Time for Europe to Step Up: the Eastern Partnership Summit and the Future of the Black Sea Region
By: Tengiz Pkhaladze
Subjects: European Union Russia & Eurasia
When Eastern Partnership countries meets in Brussels for a summit on December 15, they do so while the Eastern flank of the Black Sea region is increasingly a hotspot for European security. This week, President Biden expressed his concerns to President Putin over Moscow’s recent troop build-up, which the international community considers a preparation for new aggressions against Ukraine. Previously, the Russian threats against Ukraine were a central matter at the NATO ministerial meeting in Riga and the OSCE ministerial council meeting in Stockholm. It will certainly be a central matter at the Brussels summit as well.
However, Ukraine is not the only battleground in the Black Sea region. Georgia is another victim of Russian aggression. Twenty percent of the country remains illegally occupied by Russia. The creeping occupation (or what Russia calls “borderization”), the kidnapping of peaceful civilians, torture, ethnic persecution of Georgians, and other violations of fundamental human rights have become the brutal reality for the population living on the occupation line and in occupied territories.
Moldova is also suffering from territorial problems, with Russia being the key perpetrator. Though the conflict in Moldova is not as serious as in Georgia – let alone Ukraine – Moscow uses other tools to leverage its influence over the country, including energy supply. Moldova’s recent gas crises sharply demonstrates how Russia weaponizes its energy exports, and should be yet another warning to Europe and those who back Nord Stream 2.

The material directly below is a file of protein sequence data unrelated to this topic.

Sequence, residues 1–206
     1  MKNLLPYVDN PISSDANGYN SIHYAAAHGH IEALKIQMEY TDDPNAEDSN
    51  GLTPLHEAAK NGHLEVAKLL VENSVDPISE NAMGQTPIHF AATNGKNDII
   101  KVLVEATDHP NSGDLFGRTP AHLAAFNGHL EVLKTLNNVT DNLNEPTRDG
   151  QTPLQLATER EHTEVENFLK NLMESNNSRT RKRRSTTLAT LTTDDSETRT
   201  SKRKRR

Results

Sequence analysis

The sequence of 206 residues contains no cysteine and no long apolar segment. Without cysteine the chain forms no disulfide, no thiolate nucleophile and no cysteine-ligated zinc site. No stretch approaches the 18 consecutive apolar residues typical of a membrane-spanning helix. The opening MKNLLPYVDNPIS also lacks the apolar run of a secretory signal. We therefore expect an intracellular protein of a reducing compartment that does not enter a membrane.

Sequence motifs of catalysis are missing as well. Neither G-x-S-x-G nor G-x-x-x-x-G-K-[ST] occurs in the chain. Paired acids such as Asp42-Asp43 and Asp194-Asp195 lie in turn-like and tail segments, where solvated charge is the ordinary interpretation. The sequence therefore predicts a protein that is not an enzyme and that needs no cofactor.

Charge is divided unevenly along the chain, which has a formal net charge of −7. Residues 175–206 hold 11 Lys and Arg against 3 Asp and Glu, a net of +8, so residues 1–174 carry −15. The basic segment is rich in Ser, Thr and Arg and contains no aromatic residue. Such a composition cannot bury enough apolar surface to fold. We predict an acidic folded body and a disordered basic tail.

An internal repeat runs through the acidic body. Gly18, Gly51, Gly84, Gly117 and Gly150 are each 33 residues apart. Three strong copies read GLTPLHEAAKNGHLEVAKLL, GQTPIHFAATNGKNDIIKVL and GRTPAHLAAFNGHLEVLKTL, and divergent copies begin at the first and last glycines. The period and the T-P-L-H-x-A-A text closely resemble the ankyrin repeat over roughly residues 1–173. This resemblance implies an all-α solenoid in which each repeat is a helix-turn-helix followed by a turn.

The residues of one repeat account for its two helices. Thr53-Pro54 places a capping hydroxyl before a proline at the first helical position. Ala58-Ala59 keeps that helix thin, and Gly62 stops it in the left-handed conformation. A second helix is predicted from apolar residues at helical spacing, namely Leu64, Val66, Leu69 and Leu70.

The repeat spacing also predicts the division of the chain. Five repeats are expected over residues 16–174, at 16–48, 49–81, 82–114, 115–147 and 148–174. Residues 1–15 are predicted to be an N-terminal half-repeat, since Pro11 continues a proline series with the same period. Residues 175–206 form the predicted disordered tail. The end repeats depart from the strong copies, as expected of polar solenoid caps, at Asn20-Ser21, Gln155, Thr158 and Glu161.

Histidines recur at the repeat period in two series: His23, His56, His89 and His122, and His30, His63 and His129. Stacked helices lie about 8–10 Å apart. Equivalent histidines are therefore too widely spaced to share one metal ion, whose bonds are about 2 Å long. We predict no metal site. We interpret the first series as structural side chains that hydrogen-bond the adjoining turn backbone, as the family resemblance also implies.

Importantly, Georgia, Ukraine, and Moldova are not merely Black Sea or Eastern Partnership countries, but – unlike other EaP or regional states – also associated with the EU. All three of them have signed Association Agreements and DCFTAs with the EU, and are aspirants to join the EU in the future. Last July, the Associated Trio signed the Batumi Declaration, reaffirming the “unwavering commitment to advance further the process of their integration into the European Union through comprehensive reforms…” and to strengthen the trilateral cooperation among their countries “on European integration and reiterate the pledge to work together for the peaceful, democratic and prosperous European future for Georgia, Moldova and Ukraine”. (Batumi Summit Declaration, 2021).
Charles Michel, who attended the signing ceremony, called the Batumi Summit an “important milestone”, that “highlights the special ties that connect the EU with its Associated partners”. He highlighted that “three Association agreements, including the free trade areas….are among the most ambitious forms of cooperation that the EU has with any third country”. (European Council; July 19, 2021).
It is hard to overestimate the value of this cooperation – and, more generally, the role of the Black Sea region – for all-European security and welfare. Ukraine and Moldova have land borders with the EU. That connection along with the Association Agreements and the Free Trade Areas make those countries close and immediate partners to the EU. Ukraine is one of the largest European countries, with remarkable resources and economic potential, and is also an increasingly important aviation market for the EU (in 2019, Ukraine was the 13th largest extra-EU market with 9.8 million passengers). Passenger transport and cargo between Ukraine and the EU has been growing steadily in recent years. (European Commission; October 12, 2021).While Georgia has no land border with the EU, and may seem a bit distant, the Black Sea connects it with the rest of Europe and is a testament to the success of Europe’s ambition to deepen collaboration with the Black Sea region. Though Georgia is a small market economy of 3.7 million people, the country has free trade agreements with the EU, EFTA states, Turkey, China, Hong Kong, and CIS countries. Those factors along with country’s notable achievements – such as Georgia being ranked 7th out of 190 economies in the World Bank’s Ease of Doing Business Index (World Bank, 2021) – make EU integration beneficial for both Georgia and its partners.